As for Mendoza's proffered mitigators, the trial court rejected alcohol abuse as a mitigating circumstance because the officers did not detect a significant odor of alcohol on him on the night in question and, in reviewing the videotape of Mendoza while he was inside the store, the trial court observed that he was not “falling down drunk or out of control of his faculties.” Tr. p. 221. Consequently, there was neither evidence that he was impaired at the time of the incident nor evidence of a nexus between alcohol abuse and the commission of these offenses. The trial court also rejected the proffered mitigator of mental illness because there was no evidence in the record to support it. The trial court found Mendoza's lack of a prior criminal history to be a mitigating circumstance but declined to find his acceptance of responsibility to be a significant mitigator because the offered plea bargain “was a pretty sweet deal,” and, in any event, Mendoza did not ultimately plead guilty. Id. The trial court's conclusions regarding Mendoza's proffered mitigators are all supported by the record; consequently, it did not abuse its discretion in this regard.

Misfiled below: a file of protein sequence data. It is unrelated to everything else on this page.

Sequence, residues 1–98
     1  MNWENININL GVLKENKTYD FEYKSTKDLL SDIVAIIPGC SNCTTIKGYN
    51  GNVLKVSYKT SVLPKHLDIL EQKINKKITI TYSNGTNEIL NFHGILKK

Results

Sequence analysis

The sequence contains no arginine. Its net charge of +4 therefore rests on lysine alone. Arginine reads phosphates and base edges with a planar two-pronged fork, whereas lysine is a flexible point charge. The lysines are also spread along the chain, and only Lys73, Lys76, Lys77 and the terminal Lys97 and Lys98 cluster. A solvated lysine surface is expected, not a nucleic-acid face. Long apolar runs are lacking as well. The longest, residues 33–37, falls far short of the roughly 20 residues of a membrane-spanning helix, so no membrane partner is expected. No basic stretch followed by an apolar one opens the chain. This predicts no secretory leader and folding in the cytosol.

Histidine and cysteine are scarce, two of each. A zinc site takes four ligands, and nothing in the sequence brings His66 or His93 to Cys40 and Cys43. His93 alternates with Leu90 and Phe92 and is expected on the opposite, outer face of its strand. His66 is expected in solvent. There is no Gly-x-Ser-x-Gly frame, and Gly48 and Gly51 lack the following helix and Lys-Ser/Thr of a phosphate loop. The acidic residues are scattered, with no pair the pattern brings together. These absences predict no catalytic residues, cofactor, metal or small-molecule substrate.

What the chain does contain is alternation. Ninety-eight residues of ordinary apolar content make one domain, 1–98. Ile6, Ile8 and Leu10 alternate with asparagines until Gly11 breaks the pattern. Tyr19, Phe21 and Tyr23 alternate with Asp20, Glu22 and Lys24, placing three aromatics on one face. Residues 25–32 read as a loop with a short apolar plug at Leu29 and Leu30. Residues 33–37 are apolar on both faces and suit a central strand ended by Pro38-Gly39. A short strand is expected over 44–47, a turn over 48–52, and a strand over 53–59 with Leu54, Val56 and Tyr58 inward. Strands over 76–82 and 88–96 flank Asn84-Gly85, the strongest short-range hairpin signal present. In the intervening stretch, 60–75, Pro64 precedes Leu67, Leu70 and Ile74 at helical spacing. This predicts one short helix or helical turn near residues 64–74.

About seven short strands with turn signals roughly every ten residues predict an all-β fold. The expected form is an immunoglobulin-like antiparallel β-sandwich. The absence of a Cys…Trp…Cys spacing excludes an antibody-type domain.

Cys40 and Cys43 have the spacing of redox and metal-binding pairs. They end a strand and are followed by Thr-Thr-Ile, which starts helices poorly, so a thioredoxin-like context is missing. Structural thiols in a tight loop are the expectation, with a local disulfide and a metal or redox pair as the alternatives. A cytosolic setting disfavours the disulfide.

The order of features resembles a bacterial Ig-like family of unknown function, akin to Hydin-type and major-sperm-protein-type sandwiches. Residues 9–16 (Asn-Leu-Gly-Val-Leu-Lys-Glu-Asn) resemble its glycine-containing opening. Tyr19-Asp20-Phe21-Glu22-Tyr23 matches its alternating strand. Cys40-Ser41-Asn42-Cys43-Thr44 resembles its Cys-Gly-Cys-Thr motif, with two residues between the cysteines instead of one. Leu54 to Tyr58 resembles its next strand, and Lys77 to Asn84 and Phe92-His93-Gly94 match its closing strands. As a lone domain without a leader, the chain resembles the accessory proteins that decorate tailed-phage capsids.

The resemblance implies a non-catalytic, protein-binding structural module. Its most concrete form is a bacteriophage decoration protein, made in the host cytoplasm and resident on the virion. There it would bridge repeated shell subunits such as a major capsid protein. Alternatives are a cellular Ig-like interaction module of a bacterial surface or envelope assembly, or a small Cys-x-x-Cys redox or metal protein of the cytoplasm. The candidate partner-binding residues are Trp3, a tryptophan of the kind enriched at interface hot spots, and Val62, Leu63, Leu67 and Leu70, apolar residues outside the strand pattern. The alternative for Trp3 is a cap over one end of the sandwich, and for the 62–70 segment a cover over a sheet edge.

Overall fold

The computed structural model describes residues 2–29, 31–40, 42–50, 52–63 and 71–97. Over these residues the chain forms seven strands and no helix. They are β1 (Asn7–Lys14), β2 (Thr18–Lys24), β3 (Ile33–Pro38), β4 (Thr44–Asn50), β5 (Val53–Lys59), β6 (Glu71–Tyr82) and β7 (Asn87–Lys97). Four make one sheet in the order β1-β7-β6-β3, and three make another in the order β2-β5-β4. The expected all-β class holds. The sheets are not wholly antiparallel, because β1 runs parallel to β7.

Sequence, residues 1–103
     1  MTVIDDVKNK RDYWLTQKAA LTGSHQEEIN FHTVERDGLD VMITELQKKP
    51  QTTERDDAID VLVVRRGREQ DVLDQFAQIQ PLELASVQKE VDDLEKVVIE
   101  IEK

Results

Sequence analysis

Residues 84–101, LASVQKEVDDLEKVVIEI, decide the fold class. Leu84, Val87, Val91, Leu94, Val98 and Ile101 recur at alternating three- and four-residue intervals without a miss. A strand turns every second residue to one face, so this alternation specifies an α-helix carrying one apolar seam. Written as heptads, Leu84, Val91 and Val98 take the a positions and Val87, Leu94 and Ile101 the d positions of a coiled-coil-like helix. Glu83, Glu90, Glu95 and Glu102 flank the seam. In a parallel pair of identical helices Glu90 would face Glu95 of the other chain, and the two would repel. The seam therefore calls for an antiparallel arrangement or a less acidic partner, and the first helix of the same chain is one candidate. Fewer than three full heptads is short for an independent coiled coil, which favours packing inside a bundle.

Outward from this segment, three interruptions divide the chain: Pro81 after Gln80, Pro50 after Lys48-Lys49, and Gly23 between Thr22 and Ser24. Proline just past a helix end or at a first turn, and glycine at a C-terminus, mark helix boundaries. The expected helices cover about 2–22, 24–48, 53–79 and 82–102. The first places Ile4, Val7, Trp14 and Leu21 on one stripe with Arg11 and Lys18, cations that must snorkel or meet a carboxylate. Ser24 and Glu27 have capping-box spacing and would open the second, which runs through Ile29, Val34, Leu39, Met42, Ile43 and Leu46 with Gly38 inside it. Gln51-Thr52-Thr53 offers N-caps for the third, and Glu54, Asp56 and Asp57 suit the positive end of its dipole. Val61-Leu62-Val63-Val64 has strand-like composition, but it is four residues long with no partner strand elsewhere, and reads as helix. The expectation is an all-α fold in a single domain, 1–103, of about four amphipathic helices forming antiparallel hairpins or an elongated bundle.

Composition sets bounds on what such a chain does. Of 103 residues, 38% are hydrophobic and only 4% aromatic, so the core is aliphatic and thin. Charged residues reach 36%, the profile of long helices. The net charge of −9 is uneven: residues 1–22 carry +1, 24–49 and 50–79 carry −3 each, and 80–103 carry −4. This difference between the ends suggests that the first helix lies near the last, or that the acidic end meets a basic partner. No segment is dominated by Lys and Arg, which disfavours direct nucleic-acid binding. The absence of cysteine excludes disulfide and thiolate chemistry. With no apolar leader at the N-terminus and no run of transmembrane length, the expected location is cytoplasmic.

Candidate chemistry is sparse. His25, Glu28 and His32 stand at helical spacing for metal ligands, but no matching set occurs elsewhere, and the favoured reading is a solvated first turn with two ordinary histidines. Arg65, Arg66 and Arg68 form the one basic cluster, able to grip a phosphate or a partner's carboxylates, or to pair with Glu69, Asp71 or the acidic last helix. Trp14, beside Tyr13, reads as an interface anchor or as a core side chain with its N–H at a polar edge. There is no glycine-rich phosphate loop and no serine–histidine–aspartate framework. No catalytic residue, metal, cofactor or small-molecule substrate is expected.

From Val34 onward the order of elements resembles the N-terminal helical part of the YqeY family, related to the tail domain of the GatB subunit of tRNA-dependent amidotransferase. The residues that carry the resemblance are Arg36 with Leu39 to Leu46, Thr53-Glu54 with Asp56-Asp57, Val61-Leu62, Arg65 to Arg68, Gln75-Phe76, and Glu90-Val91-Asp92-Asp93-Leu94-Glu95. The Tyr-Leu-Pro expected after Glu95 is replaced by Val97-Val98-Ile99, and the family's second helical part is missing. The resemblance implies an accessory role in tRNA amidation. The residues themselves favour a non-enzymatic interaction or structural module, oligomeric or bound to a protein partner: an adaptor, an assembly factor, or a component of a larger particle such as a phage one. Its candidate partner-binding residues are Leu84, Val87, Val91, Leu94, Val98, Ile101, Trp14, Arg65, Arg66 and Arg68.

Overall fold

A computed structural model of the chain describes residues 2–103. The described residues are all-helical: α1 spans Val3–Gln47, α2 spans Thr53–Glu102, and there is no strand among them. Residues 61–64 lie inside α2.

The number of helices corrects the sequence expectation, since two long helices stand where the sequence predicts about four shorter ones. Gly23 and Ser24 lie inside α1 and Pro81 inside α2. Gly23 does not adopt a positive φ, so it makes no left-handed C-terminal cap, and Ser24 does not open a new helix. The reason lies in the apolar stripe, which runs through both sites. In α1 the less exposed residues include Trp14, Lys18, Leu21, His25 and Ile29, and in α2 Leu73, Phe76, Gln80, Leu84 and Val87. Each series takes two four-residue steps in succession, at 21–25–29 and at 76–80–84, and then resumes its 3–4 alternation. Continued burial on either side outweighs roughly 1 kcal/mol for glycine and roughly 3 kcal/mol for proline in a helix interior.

Ultimately, therefore, we find that the trial court did not abuse its discretion during the process of sentencing Mendoza. It issued a sentencing statement, it found lawful aggravators supported by the record, it found a lawful mitigator supported by the record, and rejected proffered mitigators that did not have support in the record.